A VeriSign filing with the Securities and Exchange Commission reveals that the company suffered more than one data breach in 2010, raising questions about how secure the company's products are and what customers should do about it.
Here are some of those questions and some answers.
VeriSign suffered multiple security breaches in 2010 in which data was stolen.
What was stolen?
VeriSign won't say.
Does it affect the DNS network the company supports?
VeriSign doesn't think so, but isn't sure.
Has the stolen information put VeriSign customers at risk?
It's hard to say since VeriSign is mum about what was stolen. However it does say it's not aware that any of the stolen data has been used, but isn't really sure.
What should customers of VeriSign do to be safe?
The possibilities range from assuming VeriSign would have told them if there were a serious problem so do nothing, to assuming the worst and dumping VeriSign for another provider. Without more specifics about what was stolen, it's hard to say what's best. Perhaps if they ask VeriSign directly they'll get more answers out of them than the company has given to the press, as was the case when RSA suffered a breach last year.
When exactly did this happen?
Sometime before Aug. 9, 2010 when Symantec bought some of VeriSign's business. Symantec says the breaches didn't occur after it bought those assets.
When was it reported to the SEC?
What took the company so long?
New SEC rules that required such reporting took effect in October 2011.
So VeriSign was forced into revealing the breaches by the SEC?
That and the fact that employees who knew about it didn't tell upper management about it until September 2011, or as VeriSign put it, "the attacks were not sufficiently reported to the Company's management."
Why is this coming to light now?
The news service Reuters turned it up when investigating what kinds of filings the new rules prompted.
Under the rules when is a breach serious enough to report?
The SEC guidelines don't go into specifics, but say in part: "Registrants should disclose the risk of cyber incidents if these issues are among the most significant factors that make an investment in the company speculative or risky."
How much do companies have to tell the SEC?
The guidelines are lengthy but include this: "... if material intellectual property is stolen in a cyber attack, and the effects of the theft are reasonably likely to be material, the registrant should describe the property that was stolen and the effect of the attack on its results of operations, liquidity, and financial condition and whether the attack would cause reported financial information not to be indicative of future operating results or financial condition."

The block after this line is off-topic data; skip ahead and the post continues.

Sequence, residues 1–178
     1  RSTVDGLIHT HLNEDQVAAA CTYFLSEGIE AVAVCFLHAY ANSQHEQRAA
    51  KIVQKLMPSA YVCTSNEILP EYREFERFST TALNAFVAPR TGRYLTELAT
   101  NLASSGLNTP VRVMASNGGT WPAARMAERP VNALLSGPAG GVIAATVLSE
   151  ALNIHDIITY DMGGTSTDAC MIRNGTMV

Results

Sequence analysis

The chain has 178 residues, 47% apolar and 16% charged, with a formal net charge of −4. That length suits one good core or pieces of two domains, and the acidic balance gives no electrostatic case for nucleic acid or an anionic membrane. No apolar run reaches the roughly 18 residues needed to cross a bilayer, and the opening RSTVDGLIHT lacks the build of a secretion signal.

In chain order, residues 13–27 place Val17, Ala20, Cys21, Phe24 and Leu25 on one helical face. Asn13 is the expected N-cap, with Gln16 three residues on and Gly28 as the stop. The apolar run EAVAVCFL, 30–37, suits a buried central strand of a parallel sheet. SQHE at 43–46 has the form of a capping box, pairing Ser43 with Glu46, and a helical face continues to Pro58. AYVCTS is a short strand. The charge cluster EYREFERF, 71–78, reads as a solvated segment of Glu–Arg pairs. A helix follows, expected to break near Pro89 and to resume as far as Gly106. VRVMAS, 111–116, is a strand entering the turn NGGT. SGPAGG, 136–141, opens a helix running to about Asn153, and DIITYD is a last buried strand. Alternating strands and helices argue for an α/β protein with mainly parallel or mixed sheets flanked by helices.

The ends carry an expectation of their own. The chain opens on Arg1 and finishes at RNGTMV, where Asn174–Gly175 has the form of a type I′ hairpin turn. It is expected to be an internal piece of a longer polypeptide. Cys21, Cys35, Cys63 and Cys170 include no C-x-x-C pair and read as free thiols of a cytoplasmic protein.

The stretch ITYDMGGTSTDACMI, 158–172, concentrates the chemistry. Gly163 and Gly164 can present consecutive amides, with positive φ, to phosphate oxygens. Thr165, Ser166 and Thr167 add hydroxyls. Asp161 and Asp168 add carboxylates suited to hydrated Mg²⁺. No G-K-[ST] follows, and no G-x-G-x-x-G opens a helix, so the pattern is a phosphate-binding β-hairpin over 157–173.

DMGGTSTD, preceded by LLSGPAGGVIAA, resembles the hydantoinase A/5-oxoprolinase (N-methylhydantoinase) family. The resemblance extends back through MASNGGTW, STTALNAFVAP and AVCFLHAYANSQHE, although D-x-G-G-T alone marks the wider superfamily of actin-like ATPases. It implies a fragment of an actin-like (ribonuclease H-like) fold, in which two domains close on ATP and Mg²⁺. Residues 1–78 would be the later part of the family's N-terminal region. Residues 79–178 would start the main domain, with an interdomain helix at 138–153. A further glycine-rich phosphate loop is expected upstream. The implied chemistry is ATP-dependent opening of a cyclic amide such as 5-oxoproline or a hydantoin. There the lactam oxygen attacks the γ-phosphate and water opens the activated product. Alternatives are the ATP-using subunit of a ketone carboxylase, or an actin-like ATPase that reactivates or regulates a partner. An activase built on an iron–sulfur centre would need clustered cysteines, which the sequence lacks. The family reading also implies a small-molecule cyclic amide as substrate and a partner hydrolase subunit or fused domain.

What is VeriSign doing about the problem?
According to its SEC filing, the company "may have to expend significant time and money to maintain or increase the security of our facilities and infrastructure." Even so, the company could fall prey to other attacks, the filing says. "It is possible that we may have to expend additional financial and other resources to address such problems."
What's so important about what VeriSign does, anyway?
It controls two of the Internet's 13 root DNS servers, so -- worst case -- if they are compromised and infect the other servers, it could become impossible to type in a URL and get where you want to go.
The company also issues SSL digital certificates that are supposed to ensure that Internet users are actually reaching the servers they intend to before making secure connections with them. If the system is compromised, criminals could use false certificates, masquerade as legitimate websites and steal valuable personal information about victims who are duped by the deception.
Why does that sound familiar?
It happened last year to certificate authorities Comodo and DigiNotar and wound up forcing DigiNotar into bankruptcy.
Will that happen to VeriSign?
Here's what the company told the SEC: "If we experience security breaches, we could be exposed to liability and our reputation and business could suffer."